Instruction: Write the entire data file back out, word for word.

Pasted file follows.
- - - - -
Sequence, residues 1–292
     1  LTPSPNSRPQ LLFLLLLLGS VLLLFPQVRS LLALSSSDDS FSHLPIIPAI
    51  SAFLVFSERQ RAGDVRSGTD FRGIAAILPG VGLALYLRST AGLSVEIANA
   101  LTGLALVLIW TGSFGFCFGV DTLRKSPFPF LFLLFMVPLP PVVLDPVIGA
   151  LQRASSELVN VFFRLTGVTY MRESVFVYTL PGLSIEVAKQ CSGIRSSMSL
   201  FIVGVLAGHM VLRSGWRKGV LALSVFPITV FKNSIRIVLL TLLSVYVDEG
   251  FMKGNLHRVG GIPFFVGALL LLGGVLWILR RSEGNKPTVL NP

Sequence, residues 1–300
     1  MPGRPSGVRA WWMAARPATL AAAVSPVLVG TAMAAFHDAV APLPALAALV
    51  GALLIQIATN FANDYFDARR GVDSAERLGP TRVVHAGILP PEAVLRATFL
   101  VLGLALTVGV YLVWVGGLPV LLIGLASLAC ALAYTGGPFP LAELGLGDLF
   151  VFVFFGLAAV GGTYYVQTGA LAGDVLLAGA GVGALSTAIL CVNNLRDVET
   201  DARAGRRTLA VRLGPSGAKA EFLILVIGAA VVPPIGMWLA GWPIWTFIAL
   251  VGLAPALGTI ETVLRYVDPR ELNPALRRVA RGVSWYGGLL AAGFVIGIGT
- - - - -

Sequence, residues 1–292
     1  LTPSPNSRPQ LLFLLLLLGS VLLLFPQVRS LLALSSSDDS FSHLPIIPAI
    51  SAFLVFSERQ RAGDVRSGTD FRGIAAILPG VGLALYLRST AGLSVEIANA
   101  LTGLALVLIW TGSFGFCFGV DTLRKSPFPF LFLLFMVPLP PVVLDPVIGA
   151  LQRASSELVN VFFRLTGVTY MRESVFVYTL PGLSIEVAKQ CSGIRSSMSL
   201  FIVGVLAGHM VLRSGWRKGV LALSVFPITV FKNSIRIVLL TLLSVYVDEG
   251  FMKGNLHRVG GIPFFVGALL LLGGVLWILR RSEGNKPTVL NP

Sequence, residues 1–300
     1  MPGRPSGVRA WWMAARPATL AAAVSPVLVG TAMAAFHDAV APLPALAALV
    51  GALLIQIATN FANDYFDARR GVDSAERLGP TRVVHAGILP PEAVLRATFL
   101  VLGLALTVGV YLVWVGGLPV LLIGLASLAC ALAYTGGPFP LAELGLGDLF
   151  VFVFFGLAAV GGTYYVQTGA LAGDVLLAGA GVGALSTAIL CVNNLRDVET
   201  DARAGRRTLA VRLGPSGAKA EFLILVIGAA VVPPIGMWLA GWPIWTFIAL
   251  VGLAPALGTI ETVLRYVDPR ELNPALRRVA RGVSWYGGLL AAGFVIGIGT